Accessing these flavors didn’t come so easily for Salah and many others before Hilal Groceries opened in 2001. To find halal-specific products, he traveled to Minneapolis or Chicago. Establishing a home base in Des Moines brought Salah into contact with others searching for specialty foods.

“In Des Moines, we have a large community of immigrants. That way, we’re helpful for them,” Salah says. “They come here and find something they used back home for a long time — that way, everybody’s happy.”

Hilal carries dates from Tunisia, mango and guava juices from Egypt, and coarse or fine corn flours, a staple of Middle Eastern dishes. Salah strives to bring these familiar flavors to Hilal Groceries for his customers.

Salah also says he enjoys teaching new customers and the local community about this culture.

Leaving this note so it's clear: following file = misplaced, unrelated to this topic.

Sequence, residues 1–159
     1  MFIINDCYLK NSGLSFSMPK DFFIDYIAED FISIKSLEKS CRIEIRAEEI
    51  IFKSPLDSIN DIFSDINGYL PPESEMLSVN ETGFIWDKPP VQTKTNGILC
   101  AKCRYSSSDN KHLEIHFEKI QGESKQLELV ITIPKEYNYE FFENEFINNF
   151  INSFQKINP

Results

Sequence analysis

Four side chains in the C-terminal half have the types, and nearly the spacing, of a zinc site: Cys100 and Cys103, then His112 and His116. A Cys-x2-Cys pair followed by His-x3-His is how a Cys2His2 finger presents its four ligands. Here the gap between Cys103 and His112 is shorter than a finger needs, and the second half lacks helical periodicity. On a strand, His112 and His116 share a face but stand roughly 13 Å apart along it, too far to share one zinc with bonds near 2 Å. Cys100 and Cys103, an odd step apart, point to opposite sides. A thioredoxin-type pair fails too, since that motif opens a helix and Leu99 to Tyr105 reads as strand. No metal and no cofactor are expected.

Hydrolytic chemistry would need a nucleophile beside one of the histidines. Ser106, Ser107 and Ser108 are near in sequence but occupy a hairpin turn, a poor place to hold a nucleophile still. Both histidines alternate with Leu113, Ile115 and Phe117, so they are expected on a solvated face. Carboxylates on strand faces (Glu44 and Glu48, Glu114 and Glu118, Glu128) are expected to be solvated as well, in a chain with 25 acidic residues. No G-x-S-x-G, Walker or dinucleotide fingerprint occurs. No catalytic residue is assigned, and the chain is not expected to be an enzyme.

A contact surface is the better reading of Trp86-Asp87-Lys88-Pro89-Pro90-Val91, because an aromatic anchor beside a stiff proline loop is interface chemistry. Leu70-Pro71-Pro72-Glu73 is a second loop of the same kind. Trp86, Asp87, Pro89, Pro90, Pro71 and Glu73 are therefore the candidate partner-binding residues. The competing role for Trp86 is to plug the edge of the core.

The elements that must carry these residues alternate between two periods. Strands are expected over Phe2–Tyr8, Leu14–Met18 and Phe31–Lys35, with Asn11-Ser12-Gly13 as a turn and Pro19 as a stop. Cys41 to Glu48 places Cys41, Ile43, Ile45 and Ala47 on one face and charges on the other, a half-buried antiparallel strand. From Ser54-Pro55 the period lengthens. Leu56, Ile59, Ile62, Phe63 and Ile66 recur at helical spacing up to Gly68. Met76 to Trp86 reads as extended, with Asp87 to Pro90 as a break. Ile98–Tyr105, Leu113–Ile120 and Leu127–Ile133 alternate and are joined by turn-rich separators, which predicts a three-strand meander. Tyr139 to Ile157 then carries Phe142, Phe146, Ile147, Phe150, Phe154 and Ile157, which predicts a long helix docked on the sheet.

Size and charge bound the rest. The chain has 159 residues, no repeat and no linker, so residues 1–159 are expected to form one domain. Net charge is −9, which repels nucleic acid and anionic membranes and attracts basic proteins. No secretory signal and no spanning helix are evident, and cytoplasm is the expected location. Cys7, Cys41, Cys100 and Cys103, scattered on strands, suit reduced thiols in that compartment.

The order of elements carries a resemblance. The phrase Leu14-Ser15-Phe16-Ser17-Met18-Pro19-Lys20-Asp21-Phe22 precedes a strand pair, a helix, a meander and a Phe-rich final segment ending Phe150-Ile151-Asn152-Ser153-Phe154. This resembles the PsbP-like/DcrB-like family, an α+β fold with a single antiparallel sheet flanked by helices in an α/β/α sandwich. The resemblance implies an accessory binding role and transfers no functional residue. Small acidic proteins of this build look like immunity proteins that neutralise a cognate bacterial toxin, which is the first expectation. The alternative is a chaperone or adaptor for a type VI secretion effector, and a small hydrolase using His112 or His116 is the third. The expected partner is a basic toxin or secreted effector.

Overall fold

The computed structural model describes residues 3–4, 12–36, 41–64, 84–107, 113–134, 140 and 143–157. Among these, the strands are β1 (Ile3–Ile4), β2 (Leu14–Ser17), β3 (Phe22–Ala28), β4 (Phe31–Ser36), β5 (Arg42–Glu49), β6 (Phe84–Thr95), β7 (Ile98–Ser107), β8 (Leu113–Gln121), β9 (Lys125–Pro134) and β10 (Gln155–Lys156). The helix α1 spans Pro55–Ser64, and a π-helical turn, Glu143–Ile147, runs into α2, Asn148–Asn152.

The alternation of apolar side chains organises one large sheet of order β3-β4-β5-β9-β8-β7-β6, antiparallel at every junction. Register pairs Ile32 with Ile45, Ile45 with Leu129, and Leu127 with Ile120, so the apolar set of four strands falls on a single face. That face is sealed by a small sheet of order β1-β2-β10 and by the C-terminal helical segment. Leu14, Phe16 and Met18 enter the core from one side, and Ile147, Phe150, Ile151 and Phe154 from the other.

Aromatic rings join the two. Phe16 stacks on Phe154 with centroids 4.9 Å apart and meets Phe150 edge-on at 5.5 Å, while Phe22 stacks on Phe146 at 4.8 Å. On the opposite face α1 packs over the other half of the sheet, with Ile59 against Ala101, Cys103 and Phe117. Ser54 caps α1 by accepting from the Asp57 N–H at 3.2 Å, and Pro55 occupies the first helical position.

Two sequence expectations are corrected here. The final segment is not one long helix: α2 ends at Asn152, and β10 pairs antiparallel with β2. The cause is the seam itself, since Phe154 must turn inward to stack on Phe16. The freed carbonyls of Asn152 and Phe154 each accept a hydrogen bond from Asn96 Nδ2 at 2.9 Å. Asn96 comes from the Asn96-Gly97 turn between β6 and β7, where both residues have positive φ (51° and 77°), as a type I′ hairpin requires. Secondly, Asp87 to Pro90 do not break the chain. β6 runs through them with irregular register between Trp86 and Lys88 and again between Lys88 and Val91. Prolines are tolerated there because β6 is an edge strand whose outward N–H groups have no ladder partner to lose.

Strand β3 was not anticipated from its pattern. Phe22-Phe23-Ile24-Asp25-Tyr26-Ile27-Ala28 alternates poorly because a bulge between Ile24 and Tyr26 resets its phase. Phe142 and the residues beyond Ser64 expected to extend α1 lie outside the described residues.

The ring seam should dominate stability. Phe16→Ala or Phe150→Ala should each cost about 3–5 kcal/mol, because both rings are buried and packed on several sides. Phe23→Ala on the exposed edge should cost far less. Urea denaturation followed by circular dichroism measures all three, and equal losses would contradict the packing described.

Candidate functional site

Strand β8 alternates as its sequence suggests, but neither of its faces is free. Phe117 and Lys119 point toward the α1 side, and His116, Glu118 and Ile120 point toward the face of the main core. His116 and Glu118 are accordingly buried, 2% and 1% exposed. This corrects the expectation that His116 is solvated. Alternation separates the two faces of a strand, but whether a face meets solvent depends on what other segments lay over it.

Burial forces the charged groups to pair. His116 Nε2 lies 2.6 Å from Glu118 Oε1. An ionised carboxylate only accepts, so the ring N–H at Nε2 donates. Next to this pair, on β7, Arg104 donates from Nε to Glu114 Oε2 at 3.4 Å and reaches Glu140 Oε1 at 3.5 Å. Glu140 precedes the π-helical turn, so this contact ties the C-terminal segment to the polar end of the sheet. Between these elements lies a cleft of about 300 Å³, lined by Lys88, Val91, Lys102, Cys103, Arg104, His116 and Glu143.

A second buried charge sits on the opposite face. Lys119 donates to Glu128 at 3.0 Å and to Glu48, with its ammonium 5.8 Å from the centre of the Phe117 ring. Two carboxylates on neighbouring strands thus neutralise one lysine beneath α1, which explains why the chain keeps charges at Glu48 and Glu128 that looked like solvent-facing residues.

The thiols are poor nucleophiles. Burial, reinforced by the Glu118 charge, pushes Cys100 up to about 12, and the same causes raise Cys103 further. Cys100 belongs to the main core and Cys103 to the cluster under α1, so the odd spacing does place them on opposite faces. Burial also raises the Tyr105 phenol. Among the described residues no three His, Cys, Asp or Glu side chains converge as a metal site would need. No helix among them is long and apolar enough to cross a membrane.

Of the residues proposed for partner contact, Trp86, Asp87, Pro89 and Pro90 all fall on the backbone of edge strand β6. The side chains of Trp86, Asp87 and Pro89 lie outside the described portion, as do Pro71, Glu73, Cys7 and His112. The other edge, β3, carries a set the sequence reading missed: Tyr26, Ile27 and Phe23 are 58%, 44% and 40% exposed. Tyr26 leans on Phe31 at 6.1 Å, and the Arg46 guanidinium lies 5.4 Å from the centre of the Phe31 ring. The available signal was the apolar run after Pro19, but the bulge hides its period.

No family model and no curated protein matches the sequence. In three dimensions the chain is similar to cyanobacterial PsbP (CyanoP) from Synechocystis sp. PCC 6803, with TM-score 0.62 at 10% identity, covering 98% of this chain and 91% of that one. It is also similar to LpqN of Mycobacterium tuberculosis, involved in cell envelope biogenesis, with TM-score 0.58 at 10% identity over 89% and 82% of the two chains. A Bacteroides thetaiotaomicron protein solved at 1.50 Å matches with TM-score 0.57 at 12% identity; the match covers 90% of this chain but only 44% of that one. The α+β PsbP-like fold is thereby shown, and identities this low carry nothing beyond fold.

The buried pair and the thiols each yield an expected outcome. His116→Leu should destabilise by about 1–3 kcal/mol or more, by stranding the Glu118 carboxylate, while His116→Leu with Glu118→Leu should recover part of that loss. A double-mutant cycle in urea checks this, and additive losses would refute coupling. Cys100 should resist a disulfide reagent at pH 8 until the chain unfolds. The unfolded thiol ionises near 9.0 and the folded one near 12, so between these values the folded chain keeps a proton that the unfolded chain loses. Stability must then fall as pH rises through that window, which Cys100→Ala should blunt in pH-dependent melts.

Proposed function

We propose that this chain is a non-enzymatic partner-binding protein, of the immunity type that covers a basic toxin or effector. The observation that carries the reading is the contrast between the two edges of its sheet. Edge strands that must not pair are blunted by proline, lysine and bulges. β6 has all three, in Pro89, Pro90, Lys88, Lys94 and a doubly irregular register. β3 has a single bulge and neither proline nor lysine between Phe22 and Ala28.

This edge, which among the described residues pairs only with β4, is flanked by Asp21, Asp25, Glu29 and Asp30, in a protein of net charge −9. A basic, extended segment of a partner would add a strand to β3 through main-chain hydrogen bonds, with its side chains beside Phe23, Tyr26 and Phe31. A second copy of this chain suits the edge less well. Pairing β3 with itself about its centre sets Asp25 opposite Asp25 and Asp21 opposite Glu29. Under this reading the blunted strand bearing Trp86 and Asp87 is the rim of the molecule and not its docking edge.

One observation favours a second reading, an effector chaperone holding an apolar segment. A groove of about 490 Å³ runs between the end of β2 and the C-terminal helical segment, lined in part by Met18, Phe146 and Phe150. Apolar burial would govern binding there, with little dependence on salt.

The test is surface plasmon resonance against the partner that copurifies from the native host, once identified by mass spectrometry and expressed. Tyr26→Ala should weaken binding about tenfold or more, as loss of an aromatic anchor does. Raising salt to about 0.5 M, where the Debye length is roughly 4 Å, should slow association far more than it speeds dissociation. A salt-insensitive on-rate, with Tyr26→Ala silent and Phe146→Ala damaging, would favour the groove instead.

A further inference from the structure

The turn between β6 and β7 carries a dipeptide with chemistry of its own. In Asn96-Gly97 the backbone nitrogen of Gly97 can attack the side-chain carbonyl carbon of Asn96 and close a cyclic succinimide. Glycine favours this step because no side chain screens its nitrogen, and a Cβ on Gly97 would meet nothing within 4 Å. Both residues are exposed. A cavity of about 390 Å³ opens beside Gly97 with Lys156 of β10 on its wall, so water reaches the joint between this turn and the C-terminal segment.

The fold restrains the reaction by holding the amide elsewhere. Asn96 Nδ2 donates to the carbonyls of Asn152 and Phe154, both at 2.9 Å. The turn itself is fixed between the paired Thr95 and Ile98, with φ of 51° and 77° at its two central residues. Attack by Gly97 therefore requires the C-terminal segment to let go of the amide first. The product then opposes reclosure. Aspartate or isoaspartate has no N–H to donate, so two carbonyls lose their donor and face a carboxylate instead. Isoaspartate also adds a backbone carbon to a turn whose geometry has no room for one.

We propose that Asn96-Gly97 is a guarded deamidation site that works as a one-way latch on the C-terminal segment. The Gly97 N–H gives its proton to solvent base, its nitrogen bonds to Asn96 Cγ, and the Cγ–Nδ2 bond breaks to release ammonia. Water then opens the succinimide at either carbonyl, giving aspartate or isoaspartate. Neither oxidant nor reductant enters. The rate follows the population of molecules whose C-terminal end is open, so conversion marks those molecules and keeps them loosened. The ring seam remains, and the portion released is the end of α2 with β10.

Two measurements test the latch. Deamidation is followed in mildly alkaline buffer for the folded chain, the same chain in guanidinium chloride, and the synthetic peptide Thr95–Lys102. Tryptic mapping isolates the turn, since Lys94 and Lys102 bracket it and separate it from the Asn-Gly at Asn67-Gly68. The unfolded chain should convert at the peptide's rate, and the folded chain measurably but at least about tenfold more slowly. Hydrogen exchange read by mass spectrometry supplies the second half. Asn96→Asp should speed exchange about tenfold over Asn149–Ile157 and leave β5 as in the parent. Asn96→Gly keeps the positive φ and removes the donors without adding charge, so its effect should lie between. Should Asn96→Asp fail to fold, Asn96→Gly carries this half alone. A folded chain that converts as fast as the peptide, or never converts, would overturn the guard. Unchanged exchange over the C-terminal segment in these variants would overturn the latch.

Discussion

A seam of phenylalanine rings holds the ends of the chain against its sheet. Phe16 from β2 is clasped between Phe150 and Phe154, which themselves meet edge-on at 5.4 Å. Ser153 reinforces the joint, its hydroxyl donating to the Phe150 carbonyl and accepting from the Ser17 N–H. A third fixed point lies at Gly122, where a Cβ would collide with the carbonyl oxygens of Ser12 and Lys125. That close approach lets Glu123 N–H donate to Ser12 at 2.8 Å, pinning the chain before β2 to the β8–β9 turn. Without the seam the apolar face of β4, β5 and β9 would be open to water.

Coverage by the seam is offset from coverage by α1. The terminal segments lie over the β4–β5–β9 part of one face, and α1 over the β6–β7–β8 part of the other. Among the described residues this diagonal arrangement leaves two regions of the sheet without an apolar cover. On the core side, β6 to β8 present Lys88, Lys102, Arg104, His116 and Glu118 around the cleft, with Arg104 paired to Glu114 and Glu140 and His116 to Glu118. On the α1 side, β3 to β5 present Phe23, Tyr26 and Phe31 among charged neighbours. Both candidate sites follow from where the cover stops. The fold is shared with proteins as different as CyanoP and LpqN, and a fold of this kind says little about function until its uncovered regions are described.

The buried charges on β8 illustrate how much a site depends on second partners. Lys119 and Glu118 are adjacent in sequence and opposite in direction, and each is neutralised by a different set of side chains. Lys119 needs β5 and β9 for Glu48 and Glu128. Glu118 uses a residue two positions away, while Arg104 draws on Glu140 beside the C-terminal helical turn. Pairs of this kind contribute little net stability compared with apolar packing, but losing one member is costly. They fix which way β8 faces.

“We teach the neighborhood,” Salah says. “We interact with the community by teaching how we make traditional dishes from home.”

Ingebretsen’s Minneapolis, Minnesota

Built on heritage, tradition, and a strong last name, Ingebretsen’s recognizes the important connection between family and a successful business. Steve Dahl, son of Ingebretsen’s Scandinavian co-founder Warren Dahl, started working in the meat market when he was 12 years old. Now, almost 50 years later, his son suits up in a white apron alongside him.

Niche products, like this fruit juice from Egypt, set Hilal Groceries apart from supermarkets.

Niche products, like this fruit juice from Egypt, set Hilal Groceries apart from supermarkets.

But this store is much more than a single family’s tradition. Ingebretsen’s attracts customers across generations who are interested in learning about their heritage. “There is such a revival of people trying to find their roots, which has brought a younger generation,” says Debbie Ingebretsen, the store’s catalog manager.